Olympic legend calls for tough line on IOC
Legendary Russian hockey player Vyacheslav Fetisov has lashed out at the president of the International Olympic Committee (IOC), Thomas Bach, over the organization’s treatment of Russian and Belarusian athletes. Fetisov believes they should be allowed to compete under their national flags.
“Since the Cold War there have not been such decisions by the IOC,” Fetisov said of the latest recommendation to international federations regarding Russian and Belarusian athletes. “There were boycotts, there were protests, but I cannot recall anything like that.”
He described the current situation as “lawless and unprecedented” and argued nothing good would come of it.
“How will the decisions be taken in the next conflict?” Fetisov asked in an interview with the Moskovsky Komsomolets newspaper, an extract from which was published on Monday. “Thomas Bach is no longer the IOC president in my eyes. If you can’t uphold Olympic rules – resign.”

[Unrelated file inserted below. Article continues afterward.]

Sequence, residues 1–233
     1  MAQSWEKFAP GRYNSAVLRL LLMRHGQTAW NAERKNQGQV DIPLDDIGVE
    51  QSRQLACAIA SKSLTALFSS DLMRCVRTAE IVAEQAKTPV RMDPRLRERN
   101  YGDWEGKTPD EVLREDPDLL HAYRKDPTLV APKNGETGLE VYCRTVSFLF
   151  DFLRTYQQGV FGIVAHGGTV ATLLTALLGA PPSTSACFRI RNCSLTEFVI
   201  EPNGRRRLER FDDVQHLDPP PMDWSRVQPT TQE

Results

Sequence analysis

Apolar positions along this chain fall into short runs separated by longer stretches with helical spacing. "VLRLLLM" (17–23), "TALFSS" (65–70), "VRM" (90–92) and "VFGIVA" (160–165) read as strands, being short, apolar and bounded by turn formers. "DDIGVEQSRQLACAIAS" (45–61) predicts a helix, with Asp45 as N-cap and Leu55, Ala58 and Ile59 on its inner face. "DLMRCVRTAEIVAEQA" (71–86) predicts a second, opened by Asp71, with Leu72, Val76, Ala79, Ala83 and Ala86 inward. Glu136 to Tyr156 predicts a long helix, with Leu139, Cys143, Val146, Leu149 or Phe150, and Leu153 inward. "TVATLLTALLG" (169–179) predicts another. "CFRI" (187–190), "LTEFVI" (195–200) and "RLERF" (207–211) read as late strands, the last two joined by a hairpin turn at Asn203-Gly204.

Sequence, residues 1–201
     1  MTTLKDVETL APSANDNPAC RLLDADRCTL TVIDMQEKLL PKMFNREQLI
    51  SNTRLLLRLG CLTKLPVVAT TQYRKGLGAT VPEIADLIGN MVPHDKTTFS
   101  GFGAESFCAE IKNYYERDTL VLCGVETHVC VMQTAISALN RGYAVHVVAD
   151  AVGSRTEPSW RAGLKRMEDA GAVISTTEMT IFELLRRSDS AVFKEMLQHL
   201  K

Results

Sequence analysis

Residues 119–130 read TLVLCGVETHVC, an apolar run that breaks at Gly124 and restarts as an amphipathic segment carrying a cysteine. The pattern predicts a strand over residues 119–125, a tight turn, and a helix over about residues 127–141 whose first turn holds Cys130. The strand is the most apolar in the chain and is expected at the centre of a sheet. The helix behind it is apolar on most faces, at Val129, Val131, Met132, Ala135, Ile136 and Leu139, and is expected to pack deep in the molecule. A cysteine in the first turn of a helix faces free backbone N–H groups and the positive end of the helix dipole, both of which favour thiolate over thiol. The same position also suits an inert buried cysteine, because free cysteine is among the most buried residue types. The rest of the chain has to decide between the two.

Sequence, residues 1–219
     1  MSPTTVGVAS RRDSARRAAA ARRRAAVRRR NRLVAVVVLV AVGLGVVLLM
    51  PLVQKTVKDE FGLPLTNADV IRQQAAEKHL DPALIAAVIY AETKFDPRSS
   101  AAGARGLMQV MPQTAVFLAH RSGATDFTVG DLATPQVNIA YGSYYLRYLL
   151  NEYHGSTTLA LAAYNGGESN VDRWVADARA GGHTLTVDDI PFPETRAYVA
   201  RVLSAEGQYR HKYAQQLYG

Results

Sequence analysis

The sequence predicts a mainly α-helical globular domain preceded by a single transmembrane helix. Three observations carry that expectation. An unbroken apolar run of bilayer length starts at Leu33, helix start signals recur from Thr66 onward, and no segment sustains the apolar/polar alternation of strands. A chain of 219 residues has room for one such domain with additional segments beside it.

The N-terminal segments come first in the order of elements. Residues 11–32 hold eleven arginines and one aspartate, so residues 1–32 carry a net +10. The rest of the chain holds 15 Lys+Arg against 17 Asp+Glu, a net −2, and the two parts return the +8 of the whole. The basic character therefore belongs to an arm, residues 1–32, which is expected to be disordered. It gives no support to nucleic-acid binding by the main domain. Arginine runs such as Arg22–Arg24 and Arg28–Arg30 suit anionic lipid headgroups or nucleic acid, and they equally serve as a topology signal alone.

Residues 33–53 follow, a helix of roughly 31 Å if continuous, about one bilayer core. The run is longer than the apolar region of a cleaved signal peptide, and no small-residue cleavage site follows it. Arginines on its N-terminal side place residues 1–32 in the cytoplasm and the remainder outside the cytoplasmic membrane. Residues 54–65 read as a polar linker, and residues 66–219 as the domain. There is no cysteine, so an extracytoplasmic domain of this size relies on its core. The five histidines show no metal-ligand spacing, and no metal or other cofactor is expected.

In late March, the IOC issued a recommendation to international federations on allowing Russian and Belarusian athletes to compete. It advised letting them do so only as individual athletes – ruling out team sports – and only if they do not support Russia in the Ukraine conflict. The committee also urged mandatory doping tests, as opposed to random checks.
The new recommendations are less restrictive than the previous blanket ban on Russians and Belarusians, which was how the body responded at the start of the operation in Ukraine in late February 2022. The IOC has since argued that total prohibition is discriminatory in nature.
Fetisov was one of the most prominent ice hockey players of the Soviet era, and won two Olympic gold medals and one silver. He is among a number of Russian public figures to strongly criticize the IOC’s latest decision. The hockey icon partially blamed Russia for the situation, saying Moscow “constantly walked back on our position,” and stressed the need to send a clear and uncompromising message to the IOC.
“We’ll be back only if our flag and anthem are back. Otherwise amend the Olympic Charter to legalize your decisions. Or kiss us goodbye,” he insisted. Taking such a stance would stop the “horseplay” surrounding admission to the Games, Fetisov said.